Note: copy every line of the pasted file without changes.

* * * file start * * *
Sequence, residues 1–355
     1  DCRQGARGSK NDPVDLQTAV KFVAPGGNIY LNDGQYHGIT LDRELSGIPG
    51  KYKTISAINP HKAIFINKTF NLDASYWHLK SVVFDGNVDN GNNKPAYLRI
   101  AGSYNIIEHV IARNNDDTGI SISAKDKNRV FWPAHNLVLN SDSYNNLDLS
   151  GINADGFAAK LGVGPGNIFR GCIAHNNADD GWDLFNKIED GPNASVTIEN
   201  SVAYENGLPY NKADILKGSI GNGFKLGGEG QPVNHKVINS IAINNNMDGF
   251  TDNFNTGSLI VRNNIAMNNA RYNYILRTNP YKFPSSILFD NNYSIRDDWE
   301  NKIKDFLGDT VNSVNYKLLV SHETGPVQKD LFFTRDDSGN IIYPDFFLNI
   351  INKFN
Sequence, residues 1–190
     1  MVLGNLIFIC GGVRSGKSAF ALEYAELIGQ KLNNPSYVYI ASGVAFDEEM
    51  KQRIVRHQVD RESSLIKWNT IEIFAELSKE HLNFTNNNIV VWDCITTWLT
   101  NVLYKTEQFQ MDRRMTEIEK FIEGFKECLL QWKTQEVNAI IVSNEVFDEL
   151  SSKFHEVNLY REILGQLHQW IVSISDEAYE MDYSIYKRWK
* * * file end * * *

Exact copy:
Sequence, residues 1–355
     1  DCRQGARGSK NDPVDLQTAV KFVAPGGNIY LNDGQYHGIT LDRELSGIPG
    51  KYKTISAINP HKAIFINKTF NLDASYWHLK SVVFDGNVDN GNNKPAYLRI
   101  AGSYNIIEHV IARNNDDTGI SISAKDKNRV FWPAHNLVLN SDSYNNLDLS
   151  GINADGFAAK LGVGPGNIFR GCIAHNNADD GWDLFNKIED GPNASVTIEN
   201  SVAYENGLPY NKADILKGSI GNGFKLGGEG QPVNHKVINS IAINNNMDGF
   251  TDNFNTGSLI VRNNIAMNNA RYNYILRTNP YKFPSSILFD NNYSIRDDWE
   301  NKIKDFLGDT VNSVNYKLLV SHETGPVQKD LFFTRDDSGN IIYPDFFLNI
   351  INKFN
Sequence, residues 1–190
     1  MVLGNLIFIC GGVRSGKSAF ALEYAELIGQ KLNNPSYVYI ASGVAFDEEM
    51  KQRIVRHQVD RESSLIKWNT IEIFAELSKE HLNFTNNNIV VWDCITTWLT
   101  NVLYKTEQFQ MDRRMTEIEK FIEGFKECLL QWKTQEVNAI IVSNEVFDEL
   151  SSKFHEVNLY REILGQLHQW IVSISDEAYE MDYSIYKRWK